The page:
About Rationally Speaking


Rationally Speaking is a blog maintained by Prof. Massimo Pigliucci, a philosopher at the City University of New York. The blog reflects the Enlightenment figure Marquis de Condorcet's idea of what a public intellectual (yes, we know, that's such a bad word) ought to be: someone who devotes himself to "the tracking down of prejudices in the hiding places where priests, the schools, the government, and all long-established institutions had gathered and protected them." You're welcome. Please notice that the contents of this blog can be reprinted under the standard Creative Commons license.

Tuesday, February 20, 2007

First the vagina, now the scrotum

Well, a few days ago the V-word got into trouble in Florida because some pious idiot objected to children knowing the names of their body parts. Now we are at it again, but this time it's the scrotum, and the controversy is nationwide.

Susan Patron is a public librarian in Los Angeles, hardly the revolutionary stereotype, you'd think. She wrote a novel for children aged 9-12, “The Higher Power of Lucky,” which was lucky (or, actually, good) enough to win the prestigious Newbery award. As a result, a book that had an initial run of 10,000 copies got quickly reprinted to 100,000 in anticipation of the typical demand that schools and libraries put forth for winners of the Newbery.

But not so fast. Many of the same schools and libraries have banned, or are considering banning, The Higher Power because the main character, a 10-year old girl, comes across the unthinkable word at one point of the story. She says: “Scrotum sounded to Lucky like something green that comes up when you have a flu and cough too much, it sounded medical and secret, but also important.” Which makes sense within the context of the story, where our heroine is preparing to grow up, and in the process learning about body parts – as any healthy individual who is not blinded by stupid religious prudishness ought to do.

But Dana Nillson, a not uncommonly unenlightened teacher and librarian in Durango, Colorado, claims that “this book included what I call a Howard Stern-type shock treatment,” obviously having no idea what a Stern-type treatment is really about (perhaps Howard would be so kind as to give her a demonstration?). Another painful example of narrow mindedness is offered by Andrea Koch, an elementary school librarian in Brighton, New York, who – fearful of complaints from parents – said “I don't think our teachers, or myself, want to do that vocabulary lesson.” Really? So, what exactly are you and your teachers there for, other than babysitting?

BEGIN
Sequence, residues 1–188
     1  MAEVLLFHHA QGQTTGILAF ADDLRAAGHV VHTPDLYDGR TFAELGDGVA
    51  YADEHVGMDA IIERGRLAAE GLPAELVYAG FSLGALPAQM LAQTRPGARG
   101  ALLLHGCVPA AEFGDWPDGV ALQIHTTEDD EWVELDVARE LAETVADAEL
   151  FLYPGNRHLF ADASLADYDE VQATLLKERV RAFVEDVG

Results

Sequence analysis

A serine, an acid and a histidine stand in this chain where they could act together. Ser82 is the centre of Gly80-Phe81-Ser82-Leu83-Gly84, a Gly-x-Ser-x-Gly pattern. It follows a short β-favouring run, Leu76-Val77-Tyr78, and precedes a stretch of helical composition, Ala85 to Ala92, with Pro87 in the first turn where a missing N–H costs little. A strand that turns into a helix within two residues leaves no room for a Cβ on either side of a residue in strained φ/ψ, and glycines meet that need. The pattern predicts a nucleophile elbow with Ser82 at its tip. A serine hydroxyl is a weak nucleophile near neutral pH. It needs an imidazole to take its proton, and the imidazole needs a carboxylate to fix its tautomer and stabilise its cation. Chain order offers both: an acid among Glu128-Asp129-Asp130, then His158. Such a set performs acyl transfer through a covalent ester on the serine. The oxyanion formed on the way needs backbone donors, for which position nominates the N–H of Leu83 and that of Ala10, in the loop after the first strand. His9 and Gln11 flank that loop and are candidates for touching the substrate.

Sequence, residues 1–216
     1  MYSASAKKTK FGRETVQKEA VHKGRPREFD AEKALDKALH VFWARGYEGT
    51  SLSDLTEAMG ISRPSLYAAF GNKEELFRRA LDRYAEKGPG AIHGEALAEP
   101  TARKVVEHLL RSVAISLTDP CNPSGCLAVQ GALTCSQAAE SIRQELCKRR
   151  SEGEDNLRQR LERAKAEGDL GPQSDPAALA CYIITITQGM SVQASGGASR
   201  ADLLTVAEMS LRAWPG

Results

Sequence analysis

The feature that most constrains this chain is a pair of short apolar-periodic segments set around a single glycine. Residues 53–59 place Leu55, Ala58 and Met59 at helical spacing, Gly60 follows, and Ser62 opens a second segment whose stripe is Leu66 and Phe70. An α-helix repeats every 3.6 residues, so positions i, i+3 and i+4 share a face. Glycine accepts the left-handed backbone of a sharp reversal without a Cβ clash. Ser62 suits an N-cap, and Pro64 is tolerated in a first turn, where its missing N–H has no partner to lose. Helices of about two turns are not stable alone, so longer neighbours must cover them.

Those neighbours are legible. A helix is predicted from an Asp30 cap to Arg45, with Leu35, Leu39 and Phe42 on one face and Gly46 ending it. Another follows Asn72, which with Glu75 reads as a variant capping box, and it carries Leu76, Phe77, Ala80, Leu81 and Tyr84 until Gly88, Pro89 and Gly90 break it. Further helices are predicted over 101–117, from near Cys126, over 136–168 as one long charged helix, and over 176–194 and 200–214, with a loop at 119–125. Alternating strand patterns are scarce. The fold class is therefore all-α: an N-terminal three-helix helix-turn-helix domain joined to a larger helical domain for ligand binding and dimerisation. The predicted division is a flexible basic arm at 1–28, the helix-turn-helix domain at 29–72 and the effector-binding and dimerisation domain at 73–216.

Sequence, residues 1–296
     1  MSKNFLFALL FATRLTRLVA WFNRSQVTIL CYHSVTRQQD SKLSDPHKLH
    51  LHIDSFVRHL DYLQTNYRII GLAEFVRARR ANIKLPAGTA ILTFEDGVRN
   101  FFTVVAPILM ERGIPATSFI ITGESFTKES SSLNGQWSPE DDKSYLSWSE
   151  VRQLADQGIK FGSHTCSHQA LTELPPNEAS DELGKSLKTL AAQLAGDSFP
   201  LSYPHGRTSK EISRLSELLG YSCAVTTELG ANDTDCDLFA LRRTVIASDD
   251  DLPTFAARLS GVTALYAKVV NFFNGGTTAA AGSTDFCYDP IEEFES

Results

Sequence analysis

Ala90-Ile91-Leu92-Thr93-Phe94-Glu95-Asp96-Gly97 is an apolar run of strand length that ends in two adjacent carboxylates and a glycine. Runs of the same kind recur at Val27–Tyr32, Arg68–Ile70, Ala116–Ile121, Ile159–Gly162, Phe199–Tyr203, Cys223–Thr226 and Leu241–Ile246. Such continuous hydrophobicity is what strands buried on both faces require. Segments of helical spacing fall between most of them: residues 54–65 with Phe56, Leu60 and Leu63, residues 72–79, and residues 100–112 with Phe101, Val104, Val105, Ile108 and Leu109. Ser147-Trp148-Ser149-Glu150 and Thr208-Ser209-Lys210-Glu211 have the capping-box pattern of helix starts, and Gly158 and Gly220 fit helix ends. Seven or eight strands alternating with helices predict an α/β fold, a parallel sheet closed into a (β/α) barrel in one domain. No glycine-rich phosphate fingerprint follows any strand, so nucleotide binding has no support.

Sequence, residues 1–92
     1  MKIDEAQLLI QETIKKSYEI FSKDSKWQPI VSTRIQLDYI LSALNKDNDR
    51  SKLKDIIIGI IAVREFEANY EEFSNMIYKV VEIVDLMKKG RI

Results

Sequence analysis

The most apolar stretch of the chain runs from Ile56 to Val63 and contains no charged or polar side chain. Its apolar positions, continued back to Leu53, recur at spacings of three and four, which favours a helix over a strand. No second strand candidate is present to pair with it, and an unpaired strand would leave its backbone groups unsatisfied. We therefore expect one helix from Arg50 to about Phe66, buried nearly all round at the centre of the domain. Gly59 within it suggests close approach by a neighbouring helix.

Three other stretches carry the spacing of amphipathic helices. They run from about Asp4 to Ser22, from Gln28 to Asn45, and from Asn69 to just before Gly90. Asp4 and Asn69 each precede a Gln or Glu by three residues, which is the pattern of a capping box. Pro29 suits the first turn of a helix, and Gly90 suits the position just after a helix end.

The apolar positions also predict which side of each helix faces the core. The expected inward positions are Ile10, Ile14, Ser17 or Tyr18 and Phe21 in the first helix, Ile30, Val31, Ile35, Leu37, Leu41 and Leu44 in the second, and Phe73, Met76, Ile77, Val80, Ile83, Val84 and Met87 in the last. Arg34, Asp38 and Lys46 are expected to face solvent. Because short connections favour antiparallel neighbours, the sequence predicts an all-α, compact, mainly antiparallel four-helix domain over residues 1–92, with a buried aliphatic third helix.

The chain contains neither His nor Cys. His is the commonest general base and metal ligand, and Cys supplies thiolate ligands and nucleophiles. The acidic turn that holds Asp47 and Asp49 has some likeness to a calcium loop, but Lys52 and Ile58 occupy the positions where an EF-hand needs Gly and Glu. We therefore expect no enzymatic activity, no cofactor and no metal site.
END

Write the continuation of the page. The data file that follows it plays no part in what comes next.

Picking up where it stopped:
As one might imagine, the controversy has broadened to the proper role of teachers and librarians and the criteria they use to chose what to teach and read to our kids. The question, of course, is not that no restrictions should be applied by educators to what our kids are exposed to. Education is about presenting the best of what's out there, and – more importantly – about giving students the tools to make up their mind about what is trash and what is worth reading. But a book that wins the Newbery is not trash, it is in fact part of the best of what's out there, and shielding children from talk about body parts is an irresponsible abnegation of our duties as adults.

In fact, here is a good example of an educational use of the word “scrotum,” this one probably not for children, borrowed from Jon Stewart. A bit more than a year ago Stewart ran a four-episode special of his Daily Show on the controversy surrounding so-called “Intelligent Design theory” (another bit of religious nonsense to which way too many of our children are in fact exposed by well meaning teachers and librarians). As part of the “Evolution, Schmevolution” series, Stewart convened a panel of experts, including William Dembski, a pseudo-intellectual proponent of ID. At one point Stewart turned to Dembski and said: “Let me ask you this: Intelligent Design, the scrotum, the most painful part of my body. This intelligent designer chose to put it in a bag that anyone can walk across and hit with a baseball bat.” To which the dumbfounded Dembski could simply mumble that “ID is not committed to every aspect of reality being the result of intelligence.” You ain't kidding, Bill.

But I'm sure the Daily Show is as controversial among puritans as vaginas and scrotums are. Which reminds me of the immortal words by H.L. Mencken: “Puritanism. The haunting fear that someone, somewhere, may be happy.” Or educated.

36 comments:

  1. A little off topic, but...

    To which the dumbfounded Dembski could simply mumble that “ID is not committed to every aspect of reality being the result of intelligence.”

    I remember that.

    I guess that makes ID the ultimate in non-falsifiable theories, right?

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  2. Once they know the names of their body parts, children may want to use them. Hence, the anatomy of the brain is as ignored as the vagina and the scrotum. We don't want children thinking for themselves. That only leads to democracy.

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  3. "To which the dumbfounded Dembski could simply mumble that “ID is not committed to every aspect of reality being the result of intelligence.” You ain't kidding, Bill."

    Could you have found anything sillier to discuss? But I guess I have to put it into perspective just because it's there...

    It's stupid to have any man answer the question in the first place. Men of any philosophy are just not going to be objective.

    I've had it out with Dembski once over his treatment of a certain James Randi. Any man who thinks this way, will never be good to ask sensitive questions of.